In conclusion, Thunderbolt is making great progress and PC users can expect things to get better in the future. In addition to Apple, lots of other vendors are also throwing in support for Thunderbolt in their workstations and notebooks. It would have been great to have a new version of Thunderbolt with PCIe 3.0 along with the X99 launch. But, we already know it is not going to be the case till Skylake launches. That said, it will be a priority for Intel and Microsoft to get the performance and experience right with current silicon for now.
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Spunjji - Wednesday, September 17, 2014 - linkOr as in the server market just skipped USB 3.0 capability altogether for 4 painful years.
repoman27 - Wednesday, September 17, 2014 - link"Just look at how spectacularly Intel failed to stealth pushing TB to OEMs with the Sandy Bridge non-USB3 chipsets when everyone just give them a big middle finger and went third party USB3.0."
Considering Apple negotiated an exclusive on Thunderbolt for the entire Sandy Bridge era, your conspiracy theory is a bit laughable. Basically, if you weren't Apple, your options for SNB platforms were to ship with USB 2.0 only or throw in a discrete USB 3.0 controller which was a very reasonable ~$5 adder. When IVB rolled around, everybody got the most performant USB 3.0 solution available included in the chipset at no additional cost, and also had the option of including Thunderbolt as a brutal ~$20 adder with zero ecosystem of devices approved for use under Windows. And you're telling me that was Intel's big play to push Thunderbolt to OEMs?
Intel was responsible for creating the xHCI spec, and while it annoyed many people that they refused to finalize the xHCI 1.0 spec until the tape out of the 7-series chipsets was completed, it's far more likely that they took their time because shipping 200+M chipsets with a show-stopping bug due to incomplete validation is something they simply couldn't risk. Given the competitive climate, or complete lack thereof, it wasn't like Intel really needed to take much in the way of risks period. Only 70M USB 3.0 enabled devices total shipped in 2011. Nobody had the kind of exposure that Intel did had they attempted to get USB 3.0 integrated in time for Sandy Bridge.
Rick83 - Tuesday, September 16, 2014 - linkWhy are there no screens with integrated PCIe graphics enclosure on the market? I would imagine this to be a great combination, allowing easy docking of laptops with a single cable.
For all those who are burdened with laptops, this would be enough to not have them get a desktop as well, for almost all use-cases (given a sufficiently powerful CPU that can keep itself cool)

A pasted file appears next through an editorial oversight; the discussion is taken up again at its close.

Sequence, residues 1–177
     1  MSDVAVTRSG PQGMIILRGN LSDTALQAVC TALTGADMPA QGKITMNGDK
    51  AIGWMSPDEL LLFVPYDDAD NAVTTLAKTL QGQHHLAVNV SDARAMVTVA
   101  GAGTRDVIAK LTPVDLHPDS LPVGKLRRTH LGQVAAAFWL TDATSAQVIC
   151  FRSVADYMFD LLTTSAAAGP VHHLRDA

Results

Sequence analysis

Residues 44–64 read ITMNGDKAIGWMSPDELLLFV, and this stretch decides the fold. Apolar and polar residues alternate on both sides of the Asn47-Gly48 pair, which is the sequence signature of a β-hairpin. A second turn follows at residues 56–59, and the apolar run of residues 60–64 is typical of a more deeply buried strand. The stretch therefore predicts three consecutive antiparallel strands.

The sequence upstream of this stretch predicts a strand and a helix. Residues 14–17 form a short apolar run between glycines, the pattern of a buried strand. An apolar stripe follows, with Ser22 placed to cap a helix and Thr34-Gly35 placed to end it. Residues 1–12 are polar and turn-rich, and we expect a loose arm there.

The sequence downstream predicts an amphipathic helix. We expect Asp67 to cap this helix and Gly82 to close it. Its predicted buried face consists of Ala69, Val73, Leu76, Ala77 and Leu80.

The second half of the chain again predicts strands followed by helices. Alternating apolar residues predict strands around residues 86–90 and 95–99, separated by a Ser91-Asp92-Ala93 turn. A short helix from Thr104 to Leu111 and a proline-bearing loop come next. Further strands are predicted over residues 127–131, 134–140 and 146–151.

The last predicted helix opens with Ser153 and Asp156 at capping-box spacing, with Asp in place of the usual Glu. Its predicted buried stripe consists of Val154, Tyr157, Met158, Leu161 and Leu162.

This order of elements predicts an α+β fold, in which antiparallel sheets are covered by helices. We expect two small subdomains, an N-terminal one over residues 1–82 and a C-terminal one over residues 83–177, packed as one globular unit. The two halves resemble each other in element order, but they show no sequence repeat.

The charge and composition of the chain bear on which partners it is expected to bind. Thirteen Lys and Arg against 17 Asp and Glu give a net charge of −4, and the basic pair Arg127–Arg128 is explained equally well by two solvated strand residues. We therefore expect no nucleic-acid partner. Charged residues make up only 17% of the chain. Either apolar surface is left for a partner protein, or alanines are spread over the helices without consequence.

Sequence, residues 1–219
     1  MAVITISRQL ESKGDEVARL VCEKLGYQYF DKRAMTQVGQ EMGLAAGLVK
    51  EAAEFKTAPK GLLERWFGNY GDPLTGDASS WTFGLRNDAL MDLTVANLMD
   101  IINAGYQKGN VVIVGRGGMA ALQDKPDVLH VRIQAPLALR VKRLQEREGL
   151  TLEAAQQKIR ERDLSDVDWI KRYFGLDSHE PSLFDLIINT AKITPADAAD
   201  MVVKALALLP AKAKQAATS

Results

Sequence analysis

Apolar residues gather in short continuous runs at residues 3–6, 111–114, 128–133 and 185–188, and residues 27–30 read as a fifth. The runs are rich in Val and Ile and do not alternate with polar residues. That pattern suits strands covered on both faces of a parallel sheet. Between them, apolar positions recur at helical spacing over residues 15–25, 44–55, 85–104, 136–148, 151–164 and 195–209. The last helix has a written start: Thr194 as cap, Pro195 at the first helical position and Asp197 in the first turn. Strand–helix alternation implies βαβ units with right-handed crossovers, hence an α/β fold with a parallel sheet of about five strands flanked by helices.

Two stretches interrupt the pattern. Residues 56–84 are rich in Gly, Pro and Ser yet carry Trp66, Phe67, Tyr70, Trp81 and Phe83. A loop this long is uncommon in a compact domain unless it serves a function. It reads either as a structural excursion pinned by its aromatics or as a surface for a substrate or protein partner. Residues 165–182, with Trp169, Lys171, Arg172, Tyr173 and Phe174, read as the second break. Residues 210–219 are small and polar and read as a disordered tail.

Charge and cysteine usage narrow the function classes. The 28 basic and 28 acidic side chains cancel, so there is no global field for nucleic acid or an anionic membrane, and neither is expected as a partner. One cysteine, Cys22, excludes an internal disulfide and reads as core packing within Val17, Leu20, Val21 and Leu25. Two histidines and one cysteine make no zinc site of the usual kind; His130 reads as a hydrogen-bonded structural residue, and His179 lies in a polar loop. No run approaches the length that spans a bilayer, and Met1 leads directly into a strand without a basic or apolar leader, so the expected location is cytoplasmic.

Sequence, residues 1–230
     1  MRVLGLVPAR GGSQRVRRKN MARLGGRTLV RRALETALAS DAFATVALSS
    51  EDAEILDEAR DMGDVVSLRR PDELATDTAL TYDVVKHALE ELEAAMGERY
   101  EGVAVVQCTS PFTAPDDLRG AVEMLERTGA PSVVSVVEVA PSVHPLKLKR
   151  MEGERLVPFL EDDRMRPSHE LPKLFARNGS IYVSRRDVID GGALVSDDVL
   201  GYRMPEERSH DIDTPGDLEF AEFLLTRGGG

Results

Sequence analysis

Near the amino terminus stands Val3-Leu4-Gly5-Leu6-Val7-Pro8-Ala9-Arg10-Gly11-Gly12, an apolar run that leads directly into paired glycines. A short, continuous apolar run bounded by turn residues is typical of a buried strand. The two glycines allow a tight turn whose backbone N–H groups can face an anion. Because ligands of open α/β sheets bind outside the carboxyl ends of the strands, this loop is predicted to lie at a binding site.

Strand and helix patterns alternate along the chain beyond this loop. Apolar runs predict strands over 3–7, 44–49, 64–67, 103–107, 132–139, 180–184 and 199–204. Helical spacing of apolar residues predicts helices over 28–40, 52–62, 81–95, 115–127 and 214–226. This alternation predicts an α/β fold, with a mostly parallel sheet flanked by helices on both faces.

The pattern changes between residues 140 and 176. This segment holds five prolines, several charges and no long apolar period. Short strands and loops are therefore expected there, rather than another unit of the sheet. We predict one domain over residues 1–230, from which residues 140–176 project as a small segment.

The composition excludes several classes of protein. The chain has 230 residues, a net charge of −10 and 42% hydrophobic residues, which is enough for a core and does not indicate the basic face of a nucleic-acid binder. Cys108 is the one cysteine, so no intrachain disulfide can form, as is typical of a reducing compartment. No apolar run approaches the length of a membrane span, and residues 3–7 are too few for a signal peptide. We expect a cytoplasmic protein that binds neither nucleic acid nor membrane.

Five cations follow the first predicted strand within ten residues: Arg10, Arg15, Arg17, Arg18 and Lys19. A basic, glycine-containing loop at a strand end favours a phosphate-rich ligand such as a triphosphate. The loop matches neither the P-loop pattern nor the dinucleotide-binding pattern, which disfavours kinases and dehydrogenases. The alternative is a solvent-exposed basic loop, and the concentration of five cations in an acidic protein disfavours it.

I don't think this would add a significant cost to the already expensive thunderbolt displays, besides a higher spec'ed power supply, and an ugly case on the rear, as well as some circuitry.
Of course, as long as Apple is the ambassador of TB, this will not happen.
Shiitaki - Thursday, September 18, 2014 - linkThunderbolt is a big deal to Mac because you can't put anything in a Apple computer. It's the only high performance connection available.
Thunderbolt has been out now for 3 years, it's going no where fast in the PC world. Intel would have had to integrate it in to every Z77 and newer chipset to drive adoption.
It is hard to justify connecting your drives using a Thunderbolt enclosure when the internal connections are both free and faster. Thunderbolt has more latency than the built in Sata ports. Intel needs to visit Redmond and smack them around some. But then Intel carries much of the blame themselves. The Thunderbolt chip costs 10 bucks in bulk? I could buy a really nice hardware raid card for what the Thunderbolt enclosure I am going to buy costs, if only I could put a card in my iMac. But I have no choice.
It doesn't matter how cool the hardware is if their is no software to make it work. It doesn't matter how cool the hardware is if people can't afford it.
Right now I am looking at buying a Thunderbolt enclosure for 460 dollars because I love the Apple operating system that much. But I could build most of a PC for that money. And it doesn't come with a single HDD. And the saddest part is that no matter what, the performance will never match simply connecting the SSD I want to use to the Sata port on a motherboard. Thunderbolt doesn't have anything to offer to justify the cost, after three years I think it's obvious that Thunderbolt has already gone the way Firewire has. I find myself asking why 10Gigabit has to be so expensive, because if those interfaces were affordable, a SAN would be a good alternative.
soapbox - Wednesday, September 24, 2014 - linkThe following in this article is a blatant LIE: "However, the drivers have been updated to enable 'Thunderbolt Networking'. This involves linking multiple PCs / Macs with Thunderbolt cables. A 10 Gbps network is automatically created (in the form of a 'dummy' network adapter)."
This is not true. If you connect 2 PCs with thunderbolt NOTHING HAPPENS! Thunderbolt on PC is only good for certain storage devices. Please do not post lies like this.